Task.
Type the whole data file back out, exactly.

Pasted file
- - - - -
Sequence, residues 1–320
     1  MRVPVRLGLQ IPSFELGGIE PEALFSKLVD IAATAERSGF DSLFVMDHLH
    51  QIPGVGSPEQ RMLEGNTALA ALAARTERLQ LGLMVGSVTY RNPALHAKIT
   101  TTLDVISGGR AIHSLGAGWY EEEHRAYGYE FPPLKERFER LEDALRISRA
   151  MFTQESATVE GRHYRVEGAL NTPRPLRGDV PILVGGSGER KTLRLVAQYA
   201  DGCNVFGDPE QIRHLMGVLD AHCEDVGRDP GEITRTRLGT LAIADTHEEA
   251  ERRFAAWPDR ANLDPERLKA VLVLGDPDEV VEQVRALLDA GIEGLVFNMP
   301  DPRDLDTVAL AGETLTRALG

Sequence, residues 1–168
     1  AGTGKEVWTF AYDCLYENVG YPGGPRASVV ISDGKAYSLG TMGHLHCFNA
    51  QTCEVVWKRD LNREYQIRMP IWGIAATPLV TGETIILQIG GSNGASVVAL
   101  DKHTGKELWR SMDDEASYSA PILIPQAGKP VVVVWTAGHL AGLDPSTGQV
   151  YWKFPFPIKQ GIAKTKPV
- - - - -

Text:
Sequence, residues 1–320
     1  MRVPVRLGLQ IPSFELGGIE PEALFSKLVD IAATAERSGF DSLFVMDHLH
    51  QIPGVGSPEQ RMLEGNTALA ALAARTERLQ LGLMVGSVTY RNPALHAKIT
   101  TTLDVISGGR AIHSLGAGWY EEEHRAYGYE FPPLKERFER LEDALRISRA
   151  MFTQESATVE GRHYRVEGAL NTPRPLRGDV PILVGGSGER KTLRLVAQYA
   201  DGCNVFGDPE QIRHLMGVLD AHCEDVGRDP GEITRTRLGT LAIADTHEEA
   251  ERRFAAWPDR ANLDPERLKA VLVLGDPDEV VEQVRALLDA GIEGLVFNMP
   301  DPRDLDTVAL AGETLTRALG

Sequence, residues 1–168
     1  AGTGKEVWTF AYDCLYENVG YPGGPRASVV ISDGKAYSLG TMGHLHCFNA
    51  QTCEVVWKRD LNREYQIRMP IWGIAATPLV TGETIILQIG GSNGASVVAL
   101  DKHTGKELWR SMDDEASYSA PILIPQAGKP VVVVWTAGHL AGLDPSTGQV
   151  YWKFPFPIKQ GIAKTKPV